Get the Hurricane wood chisel at Amazon.
Those ready to try their hand at the best chisel for woodworking might find this chisel set to be a great way to get started. It includes four sizes (¼ inch, ½ inch, ¾ inch, and 1 inch), and while somewhat short, all are long enough for paring tasks. Each chisel is packaged separately for protection and comes with its own guard, and a zippered carrying case is included.
The blade edges, made of chrome vanadium steel (Cr-V), feature a decent finish. They come very sharp, slightly oiled, and have a micro-bevel. The weight of the blade balances nicely with a lightweight beechwood handle and a stainless steel hoop for an ideal combination of strength and comfort. While the chisels didn’t seem like the most durable tools available, the set is a good value and a fine introduction to the craft.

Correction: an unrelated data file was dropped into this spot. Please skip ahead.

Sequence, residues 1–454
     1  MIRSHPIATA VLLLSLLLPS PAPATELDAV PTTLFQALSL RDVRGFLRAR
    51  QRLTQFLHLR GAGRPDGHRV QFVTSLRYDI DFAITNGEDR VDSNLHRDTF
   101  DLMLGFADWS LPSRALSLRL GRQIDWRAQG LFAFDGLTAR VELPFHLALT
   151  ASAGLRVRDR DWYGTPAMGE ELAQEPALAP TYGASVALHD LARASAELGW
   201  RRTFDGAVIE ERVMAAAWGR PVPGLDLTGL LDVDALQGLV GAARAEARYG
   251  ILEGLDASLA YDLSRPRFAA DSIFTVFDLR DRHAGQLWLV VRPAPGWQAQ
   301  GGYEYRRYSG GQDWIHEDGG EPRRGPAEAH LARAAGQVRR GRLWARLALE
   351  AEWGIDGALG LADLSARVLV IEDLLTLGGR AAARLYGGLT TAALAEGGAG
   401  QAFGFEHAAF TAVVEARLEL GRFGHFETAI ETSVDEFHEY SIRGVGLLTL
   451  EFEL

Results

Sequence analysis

- Metal finish: Smooth
- Sizes: ¼ inch, ½ inch, ¾ inch, 1 inch
- First cut: Sharp
- Works well right out of the box; no assembly required
- Nice length for fine woodworking and precision chiseling projects
- Sharpened well; may not require resharpening for some time
- Comes with a zip case for easy carrying and portability
- Poor handle finish; may be uncomfortable or tarnish and wear over time
Get the Grebstk wood chisel at Amazon.
First impressions can be deceiving. This chisel set came in standard plastic packaging (not even a separate box for shipping)—a potential red flag to the condition and quality of the tools. And right off the bat, we did notice a mix of finishes and even a significant chip in one chisel, most likely due to the lack of appropriate packaging.